As a math tutor and teacher, I use notation a lot. It is familiar to me, comfortable even. So it is all too easy to forget that this same notation can be getting in the way for math students.

In teaching algebra, I have conceptual, procedural, notational, intuitive, and experiential goals for my students. I want them to develop work and thought habits that help them to both understand the material and solve problems efficiently. I am also often trying to cram much material into a short period of time.

The result is often more time spent on concept and procedures (the crucial parts) than notation (which they’ll pick up from the way I use it, right?). Yet, I suspect many “typical” algebra errors may result from an insufficient comfort with, or understanding of, notation.

How often do we, as teachers, re-iterate for the benefit of our students what our notation actually stands for? As I write

on the board, I probably say it as “three X plus five” 98% of the time. Yet it would probably benefit my students more if I constantly varied the way I described the notation. I could say it alternately as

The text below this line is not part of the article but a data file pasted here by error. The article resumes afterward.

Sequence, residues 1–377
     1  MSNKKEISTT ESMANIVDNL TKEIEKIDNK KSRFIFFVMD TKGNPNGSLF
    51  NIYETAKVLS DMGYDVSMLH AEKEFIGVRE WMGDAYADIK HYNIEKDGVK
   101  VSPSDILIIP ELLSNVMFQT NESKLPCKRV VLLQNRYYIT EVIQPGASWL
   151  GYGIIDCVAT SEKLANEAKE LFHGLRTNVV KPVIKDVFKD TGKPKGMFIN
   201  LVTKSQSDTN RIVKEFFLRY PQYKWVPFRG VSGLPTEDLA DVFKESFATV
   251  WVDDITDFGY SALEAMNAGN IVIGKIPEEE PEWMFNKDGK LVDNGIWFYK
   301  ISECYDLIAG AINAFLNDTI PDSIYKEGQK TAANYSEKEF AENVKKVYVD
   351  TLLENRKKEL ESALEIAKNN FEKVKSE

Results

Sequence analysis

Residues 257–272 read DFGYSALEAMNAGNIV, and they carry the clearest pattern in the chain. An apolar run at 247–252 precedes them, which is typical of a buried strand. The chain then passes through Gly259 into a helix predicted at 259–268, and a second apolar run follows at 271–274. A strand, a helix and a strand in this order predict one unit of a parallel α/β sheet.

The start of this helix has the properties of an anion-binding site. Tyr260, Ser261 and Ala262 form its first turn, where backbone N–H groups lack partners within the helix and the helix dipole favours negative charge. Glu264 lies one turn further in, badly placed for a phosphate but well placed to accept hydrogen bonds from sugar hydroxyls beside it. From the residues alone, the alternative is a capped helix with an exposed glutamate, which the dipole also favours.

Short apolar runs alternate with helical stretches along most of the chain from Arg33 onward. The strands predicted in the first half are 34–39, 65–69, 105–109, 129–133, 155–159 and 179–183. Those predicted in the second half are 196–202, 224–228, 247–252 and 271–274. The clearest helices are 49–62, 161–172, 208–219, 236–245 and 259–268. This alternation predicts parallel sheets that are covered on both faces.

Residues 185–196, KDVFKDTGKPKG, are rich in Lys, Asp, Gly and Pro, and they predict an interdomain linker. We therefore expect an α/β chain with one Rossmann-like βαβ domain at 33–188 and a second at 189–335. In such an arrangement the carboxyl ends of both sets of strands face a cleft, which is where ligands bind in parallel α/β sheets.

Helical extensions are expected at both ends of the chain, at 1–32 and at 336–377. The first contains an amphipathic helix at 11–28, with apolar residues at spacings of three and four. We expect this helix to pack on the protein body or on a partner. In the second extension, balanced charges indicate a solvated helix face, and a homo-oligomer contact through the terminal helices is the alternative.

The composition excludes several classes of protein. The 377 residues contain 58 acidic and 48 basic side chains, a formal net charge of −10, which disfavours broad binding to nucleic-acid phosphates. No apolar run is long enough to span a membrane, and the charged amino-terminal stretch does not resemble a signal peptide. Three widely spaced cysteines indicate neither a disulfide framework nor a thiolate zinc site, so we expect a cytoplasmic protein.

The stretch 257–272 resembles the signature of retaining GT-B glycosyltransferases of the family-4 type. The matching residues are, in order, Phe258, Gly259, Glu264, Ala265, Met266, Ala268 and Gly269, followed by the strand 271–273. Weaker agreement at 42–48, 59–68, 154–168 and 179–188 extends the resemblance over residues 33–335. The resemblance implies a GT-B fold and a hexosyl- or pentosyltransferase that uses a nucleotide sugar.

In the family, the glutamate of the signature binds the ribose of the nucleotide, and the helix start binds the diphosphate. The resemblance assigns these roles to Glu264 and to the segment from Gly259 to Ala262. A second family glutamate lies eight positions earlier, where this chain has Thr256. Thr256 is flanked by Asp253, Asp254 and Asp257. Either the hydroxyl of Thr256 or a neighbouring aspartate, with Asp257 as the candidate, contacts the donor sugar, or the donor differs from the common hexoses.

– three X’s added together plus a five

– three times X plus five

– a slope of three and y-intercept of five

– a constant rate of three with a starting point of five

– a first term of five and a constant difference of three

I should probably vary the way I write problems as well. Instead of always defaulting to my habitual ways and writing

perhaps I should be a bit less parsimonious with my marker ink and try any one of

to hammer home the point that all of these are equivalent representations of the same mathematical concept, and that students should feel welcome to use whichever representation makes it easiest for them to understand and model the situation.

After all, the notation we use has been developed over many years – presumably because it is both unambiguous and economical in its use of pencil lead (or ink) and paper. However, a student’s hesitation in interpreting notation is almost guaranteed to get in the way of the concepts we are trying to convey.

As an example, consider sigma notation. Many otherwise capable math students seem to stumble over both sigma notation and subscripts when they are first introduced, which makes arithmetic sequences seem like a harder topic than it should.

Students may stumble because new notations are not introduced very often in High School math, so students don’t get much practice adapting to them. On the other hand, troubles could occur because we assume that they internalize both new and old notations more quickly than they actually do.

Notation relies on concepts and visualization to be most effective, even though it often seems to be taught using more of a rule-based approach. If our students’ ability to understand and make use of concepts is greater now than it was when they were first exposed to a notation, perhaps we should spend more time gratuitously reminding students of what the notations we are using represent, even those they supposedly mastered years ago.